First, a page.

The install of Mint would not let me rewrite over the old Mint version on my hard drive. I was stuck, I chose to delete the Linux Mint partitions. As I did that, I noticed the labels for my other partitions Sda9 and Sda10 changing and I thought they belonged to Sabayon. I thought ‘this is not good’ but everything is backed up. I have only been using this for a week, so no big deal I will just reinstall the whole thing. Easy.
But then I was thinking about what I had done over the past week of Sabayon use and then remembered all those passwords that I had been changing through my password manager, (this is the downside of password managers – complex passwords and I have no idea what they are). I did not back them up as I had not finished changing them all). A cold shiver came over me when I realized that it is probably not going to be able to boot because it will be looking in the wrong location on the hard drive.
Long story short, I restarted and tried to boot into Sabayon. Nope, it did not boot. I tried grub rescue, typed in some text, got to the next screen, and then an error message complained about super blocks and other things.
At this point I thought I would just work to recover my passwords it is still not the end of the world.
However I gave it just one more try (which was the proverbial straw that broke the camels back) and I put in System Rescue disk, pressed some buttons and then then when I tried to boot – nothing. An error message that my hard drive was not installed or something like that.
OOPS! I had just borked my computer!
A few weeks after backing up my main desktop, I started looking around to find another distro to take the place of Korora Linux.
When I had Korora on my computer I was tri-booting between Windows 7, Korora and Linux Mint 14. The Korora installation was an LVM style installation (setting this up was the source of my main issues I had with Korora).
One of the presenters on the MintCast podcast was always talking about Sabayon and how good it was. I have never used a Gentoo based distro and after giving a Fedora-based distro a chance last year I thought I should give Sabayon a try. Then when my Linux Format magazine turned up, Sabayon was the featured distro on the disk and it was not the Gnome version (Bonus!).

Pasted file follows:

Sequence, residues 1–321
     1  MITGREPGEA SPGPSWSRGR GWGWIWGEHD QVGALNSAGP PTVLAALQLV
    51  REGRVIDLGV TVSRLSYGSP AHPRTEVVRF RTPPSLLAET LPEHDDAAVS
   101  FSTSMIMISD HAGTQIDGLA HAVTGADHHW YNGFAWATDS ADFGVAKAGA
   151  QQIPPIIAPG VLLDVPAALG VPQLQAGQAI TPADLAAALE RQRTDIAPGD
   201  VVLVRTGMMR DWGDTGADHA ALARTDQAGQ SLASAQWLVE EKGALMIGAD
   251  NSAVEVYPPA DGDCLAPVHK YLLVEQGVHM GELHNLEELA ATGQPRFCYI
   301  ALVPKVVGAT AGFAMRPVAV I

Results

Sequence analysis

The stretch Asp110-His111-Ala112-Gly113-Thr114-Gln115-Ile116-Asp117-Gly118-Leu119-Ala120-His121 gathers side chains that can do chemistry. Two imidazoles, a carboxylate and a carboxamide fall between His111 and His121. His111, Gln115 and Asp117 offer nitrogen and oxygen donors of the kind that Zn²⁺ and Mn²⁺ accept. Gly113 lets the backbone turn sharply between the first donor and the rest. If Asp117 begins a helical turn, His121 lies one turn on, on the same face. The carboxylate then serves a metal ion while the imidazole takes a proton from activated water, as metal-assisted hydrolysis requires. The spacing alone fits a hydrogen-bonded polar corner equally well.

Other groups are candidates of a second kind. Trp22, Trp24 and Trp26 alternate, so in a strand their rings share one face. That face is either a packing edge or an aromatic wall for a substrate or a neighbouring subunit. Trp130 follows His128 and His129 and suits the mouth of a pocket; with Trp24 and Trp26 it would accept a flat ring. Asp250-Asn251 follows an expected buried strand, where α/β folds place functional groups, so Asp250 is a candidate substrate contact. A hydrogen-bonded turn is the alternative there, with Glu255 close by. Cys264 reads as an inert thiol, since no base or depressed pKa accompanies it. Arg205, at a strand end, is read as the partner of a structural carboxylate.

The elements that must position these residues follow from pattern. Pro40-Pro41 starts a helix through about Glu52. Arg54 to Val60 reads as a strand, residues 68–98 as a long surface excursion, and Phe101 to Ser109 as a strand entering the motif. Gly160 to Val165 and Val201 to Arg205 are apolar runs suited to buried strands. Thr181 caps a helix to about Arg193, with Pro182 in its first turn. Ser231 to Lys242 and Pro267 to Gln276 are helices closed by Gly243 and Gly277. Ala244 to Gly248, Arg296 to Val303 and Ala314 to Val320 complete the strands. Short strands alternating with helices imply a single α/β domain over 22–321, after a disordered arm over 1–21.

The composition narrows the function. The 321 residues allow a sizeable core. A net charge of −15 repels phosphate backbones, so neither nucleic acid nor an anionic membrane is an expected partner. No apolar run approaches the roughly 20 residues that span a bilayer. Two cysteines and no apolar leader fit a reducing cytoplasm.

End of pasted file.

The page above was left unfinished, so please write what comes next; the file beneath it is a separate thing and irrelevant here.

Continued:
I installed it right into the same LVM area as used by Korora and kept my Linux Mint partition untouched. This went very smoothly – it found the LVM partition easily.
I have to say first impressions were good. The CUPS and the printer driver installed easily (and it actually tells me my ink levels). It seemed to recognize my dual monitor setup immediately and all I had to do was un-mirror the screens.
I went looking to install my base applications – Skype, Thuderbird, Google Chrome, Redbook, password manager etc. I used it for about a week. All was good until I realized that Sabayon (and perhaps Gentoo) is not really as mainstream as I was used to.
There was no direct install package available on the Codeweavers website for Sabayon or Gentoo. I tried to follow the instructions for the generic install and it just was not happening. I bypassed this and continued to look for other software. There is a lot of software available and the thing I noticed most was I started to dislike Rigo. At first it seemed like a good fast package manager, but I realized as I started to look for something like “editor”, that I could not order my search or define the fields where it should look. To make matters worse I could not figure out what order that they were in because it was not alphabetical.
It is touted as the equivalent of a Google search but it is not. It is too minimalistic. It could be better by adding a few features. I have added Entropy as an alternative. I tend to look there first however I have found that depending on how I put the search term in it will sometimes not find items either. This is perhaps the most frustrating thing about Sabayon.